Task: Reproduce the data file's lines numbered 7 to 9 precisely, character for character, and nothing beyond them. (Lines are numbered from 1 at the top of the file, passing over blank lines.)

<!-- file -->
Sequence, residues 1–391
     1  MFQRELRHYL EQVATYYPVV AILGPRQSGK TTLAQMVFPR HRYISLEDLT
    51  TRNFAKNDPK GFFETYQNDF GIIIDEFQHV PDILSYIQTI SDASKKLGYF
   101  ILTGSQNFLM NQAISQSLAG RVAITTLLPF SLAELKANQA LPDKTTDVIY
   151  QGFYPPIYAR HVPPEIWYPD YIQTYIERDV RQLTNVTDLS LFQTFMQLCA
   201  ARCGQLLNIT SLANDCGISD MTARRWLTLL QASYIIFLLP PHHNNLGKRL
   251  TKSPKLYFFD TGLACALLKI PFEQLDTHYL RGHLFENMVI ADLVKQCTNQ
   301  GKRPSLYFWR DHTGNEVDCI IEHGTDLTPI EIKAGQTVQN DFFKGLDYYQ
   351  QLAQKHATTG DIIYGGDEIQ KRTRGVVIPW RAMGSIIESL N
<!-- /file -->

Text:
   251  TKSPKLYFFD TGLACALLKI PFEQLDTHYL RGHLFENMVI ADLVKQCTNQ
   301  GKRPSLYFWR DHTGNEVDCI IEHGTDLTPI EIKAGQTVQN DFFKGLDYYQ
   351  QLAQKHATTG DIIYGGDEIQ KRTRGVVIPW RAMGSIIESL N